Despite what Planned Parenthood believes, abortion is not humanitarian aid

Ukraine, maternity, pregnant

In just a few short weeks, over two million people have fled Ukraine. A sizable number of them — an estimated 80,000 — are pregnant, and many more could potentially become pregnant. There is no denying that this is a humanitarian crisis, with refugees that desperately need help, support, and health care. But for Planned Parenthood, there is just one answer: abortion.

Business Insider reported that Ukrainian women are facing unique challenges due to their harrowing circumstances. Some are going into premature labor, set off due to stress and fear as Russian troops bomb hospitals. Women are also at high risk of suffering sexual violence as refugees, and during times of war as well. Understandably, this means the women and girls fleeing Ukraine are going to need specific aid and support. But in Planned Parenthood’s opinion, what they need is birth control and abortion — even without a doctor’s supervision.

“Babies don’t stop being born for a war. Periods don’t stop for a war,” Caroline Hickson, the European regional director of the International Planned Parenthood Foundation (IPPF), told Business Insider. Julie Taft, IPPF’s humanitarian director, added, “We often don’t have hard data [about Ukraine], we do know that women and girls will be experiencing increased violence and that will look like rape, in some instances.”

While these are salient points, Planned Parenthood’s goal isn’t to help provide the things these women will actually need. Instead, their focus is on handing out birth control and emergency contraception, and giving women access to abortion. “If women are in Poland for any significant amount of time, they will face the same issues as Polish women face, which has a complete ban on abortion,” Hickson said, recommending they contact an online abortion supplier, like Women on Web or Aid Access because abortion is banned in Poland.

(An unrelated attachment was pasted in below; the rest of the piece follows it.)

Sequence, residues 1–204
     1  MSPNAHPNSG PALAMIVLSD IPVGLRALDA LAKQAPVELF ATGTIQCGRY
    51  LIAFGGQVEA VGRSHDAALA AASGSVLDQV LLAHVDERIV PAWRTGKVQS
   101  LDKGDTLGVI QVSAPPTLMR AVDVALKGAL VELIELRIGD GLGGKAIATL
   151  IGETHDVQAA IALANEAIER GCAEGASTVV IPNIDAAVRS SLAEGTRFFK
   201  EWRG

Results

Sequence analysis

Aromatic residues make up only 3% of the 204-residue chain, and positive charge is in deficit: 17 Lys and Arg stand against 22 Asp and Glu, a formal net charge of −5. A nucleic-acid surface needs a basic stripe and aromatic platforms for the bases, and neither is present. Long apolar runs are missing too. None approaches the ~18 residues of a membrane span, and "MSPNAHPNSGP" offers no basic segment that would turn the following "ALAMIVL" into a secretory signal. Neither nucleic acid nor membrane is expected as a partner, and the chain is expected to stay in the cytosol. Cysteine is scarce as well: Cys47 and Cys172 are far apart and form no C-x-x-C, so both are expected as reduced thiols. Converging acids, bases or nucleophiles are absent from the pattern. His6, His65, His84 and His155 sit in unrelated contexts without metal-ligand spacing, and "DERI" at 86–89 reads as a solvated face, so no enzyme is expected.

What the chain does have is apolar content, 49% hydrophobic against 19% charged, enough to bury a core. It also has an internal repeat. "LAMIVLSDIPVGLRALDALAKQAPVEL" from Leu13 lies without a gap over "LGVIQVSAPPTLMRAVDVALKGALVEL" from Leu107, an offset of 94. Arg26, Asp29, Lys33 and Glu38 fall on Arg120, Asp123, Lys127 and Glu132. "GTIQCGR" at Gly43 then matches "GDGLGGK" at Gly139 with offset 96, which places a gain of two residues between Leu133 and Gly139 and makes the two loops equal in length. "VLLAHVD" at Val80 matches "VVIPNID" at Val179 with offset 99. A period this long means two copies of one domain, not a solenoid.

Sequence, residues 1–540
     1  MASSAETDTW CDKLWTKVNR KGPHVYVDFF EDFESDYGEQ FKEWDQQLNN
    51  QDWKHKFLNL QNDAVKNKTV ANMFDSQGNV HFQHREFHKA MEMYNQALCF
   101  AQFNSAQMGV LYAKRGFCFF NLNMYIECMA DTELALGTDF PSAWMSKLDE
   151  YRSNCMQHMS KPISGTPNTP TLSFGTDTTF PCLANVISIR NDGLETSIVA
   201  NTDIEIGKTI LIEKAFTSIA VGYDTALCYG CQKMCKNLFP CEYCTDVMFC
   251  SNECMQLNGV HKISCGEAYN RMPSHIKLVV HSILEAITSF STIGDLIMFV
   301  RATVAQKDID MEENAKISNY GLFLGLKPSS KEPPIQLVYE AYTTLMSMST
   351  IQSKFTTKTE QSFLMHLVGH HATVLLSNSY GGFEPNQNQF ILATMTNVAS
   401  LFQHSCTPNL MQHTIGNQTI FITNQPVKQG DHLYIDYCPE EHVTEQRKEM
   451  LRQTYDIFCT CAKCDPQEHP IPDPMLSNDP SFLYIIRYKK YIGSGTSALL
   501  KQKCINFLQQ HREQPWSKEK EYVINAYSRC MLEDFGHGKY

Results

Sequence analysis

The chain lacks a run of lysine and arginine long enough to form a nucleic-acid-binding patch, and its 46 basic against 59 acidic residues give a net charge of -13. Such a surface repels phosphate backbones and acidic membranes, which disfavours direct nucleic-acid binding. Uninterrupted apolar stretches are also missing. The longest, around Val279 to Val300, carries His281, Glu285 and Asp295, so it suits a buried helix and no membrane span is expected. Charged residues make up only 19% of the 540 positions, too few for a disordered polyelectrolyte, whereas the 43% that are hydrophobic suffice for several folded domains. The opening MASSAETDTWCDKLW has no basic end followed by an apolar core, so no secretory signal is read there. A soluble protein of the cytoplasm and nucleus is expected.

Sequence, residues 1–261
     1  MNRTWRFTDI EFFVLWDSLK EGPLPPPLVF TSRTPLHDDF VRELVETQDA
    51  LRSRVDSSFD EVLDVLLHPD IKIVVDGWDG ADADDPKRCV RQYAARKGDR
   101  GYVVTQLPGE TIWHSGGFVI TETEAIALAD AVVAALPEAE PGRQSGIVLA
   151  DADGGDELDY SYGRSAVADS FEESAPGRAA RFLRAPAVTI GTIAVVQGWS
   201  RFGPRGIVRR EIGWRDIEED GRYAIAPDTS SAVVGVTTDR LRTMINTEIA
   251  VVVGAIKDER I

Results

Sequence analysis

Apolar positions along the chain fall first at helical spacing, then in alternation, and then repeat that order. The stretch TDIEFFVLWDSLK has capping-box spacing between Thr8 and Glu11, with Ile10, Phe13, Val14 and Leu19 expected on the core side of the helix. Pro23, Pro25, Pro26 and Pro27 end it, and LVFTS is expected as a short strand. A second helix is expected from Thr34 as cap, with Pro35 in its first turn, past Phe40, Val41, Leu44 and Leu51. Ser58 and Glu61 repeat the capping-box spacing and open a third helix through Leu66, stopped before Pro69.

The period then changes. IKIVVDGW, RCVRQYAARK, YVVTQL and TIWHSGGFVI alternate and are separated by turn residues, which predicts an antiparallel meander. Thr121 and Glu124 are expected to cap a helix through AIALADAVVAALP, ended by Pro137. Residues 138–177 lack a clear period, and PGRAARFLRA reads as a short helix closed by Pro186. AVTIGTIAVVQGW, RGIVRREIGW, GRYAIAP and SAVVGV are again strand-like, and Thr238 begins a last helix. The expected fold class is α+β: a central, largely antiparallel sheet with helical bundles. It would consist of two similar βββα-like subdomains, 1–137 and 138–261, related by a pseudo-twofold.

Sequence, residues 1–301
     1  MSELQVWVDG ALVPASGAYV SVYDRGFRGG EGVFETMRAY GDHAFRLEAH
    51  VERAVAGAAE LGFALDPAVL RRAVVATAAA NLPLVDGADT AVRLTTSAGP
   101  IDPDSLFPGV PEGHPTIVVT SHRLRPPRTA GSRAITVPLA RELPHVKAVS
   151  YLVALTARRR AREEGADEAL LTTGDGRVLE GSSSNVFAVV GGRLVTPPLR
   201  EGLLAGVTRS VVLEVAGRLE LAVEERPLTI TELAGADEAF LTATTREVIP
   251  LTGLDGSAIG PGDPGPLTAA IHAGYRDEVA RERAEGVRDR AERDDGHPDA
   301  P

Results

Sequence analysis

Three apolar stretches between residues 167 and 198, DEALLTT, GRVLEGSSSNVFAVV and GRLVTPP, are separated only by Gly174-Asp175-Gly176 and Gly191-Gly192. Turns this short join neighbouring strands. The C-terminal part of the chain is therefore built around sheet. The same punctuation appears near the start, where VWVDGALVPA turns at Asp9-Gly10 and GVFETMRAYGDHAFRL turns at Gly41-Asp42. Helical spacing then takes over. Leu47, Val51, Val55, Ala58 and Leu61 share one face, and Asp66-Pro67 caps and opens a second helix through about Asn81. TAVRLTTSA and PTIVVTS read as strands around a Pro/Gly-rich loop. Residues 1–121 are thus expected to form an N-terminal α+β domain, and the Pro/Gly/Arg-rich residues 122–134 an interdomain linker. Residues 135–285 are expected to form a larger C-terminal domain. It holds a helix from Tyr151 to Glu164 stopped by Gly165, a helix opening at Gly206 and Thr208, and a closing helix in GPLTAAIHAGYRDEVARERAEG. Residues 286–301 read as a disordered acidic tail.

Dr. Galyna Maistruk, a women’s health doctor from Kyiv, told Business Insider that doctors need to be able to tend to their patients. “We need supplies…not just sanctions. I know it is possible to transfer money, but sorry, we can’t use this money because pharmacies are empty,” she said. “We need some very serious government from Europe to organize a system of shipping, logistics, and transfer of emergency kits, which include medications, equipment, and also food for the population.”

Notably absent on that list is abortion.

READ: As Russian forces continue attack, orphans in Ukraine struggle to stay safe

By directing women toward abortion in a time of such crisis, Planned Parenthood is once again showing that its priority is not helping these women but promoting its pro-abortion agenda.

Aid Access, for example, is known to put women at risk; it has been cited by the FDA for illegal activity. Aid Access, and presumably other online abortion pill distributors, source their pills from India, which is known for systemic issues at their pharmaceutical companies. Aid Access’ business model is for women to receive a prescription for a medication manufactured under possibly unsafe and unsanitary conditions, and to take that prescription with no physician supervision. Even if everything goes perfectly right, women are still set up to experience the pain and trauma of chemical abortions, alone in a new country with little-to-no support. They certainly won’t have follow-up care to ensure nothing went wrong.

Because the abortion pill regimen is four times more dangerous than surgical abortions, that’s a big gamble to make, and one most women have no idea they’re making.

Abortion is not humanitarian aid. Ukrainian women, right now, need things like food, shelter, medical supplies, and to know that they and their families are safe. What they don’t need is to add the trauma and violence of abortion to the violence and trauma they have already experienced.

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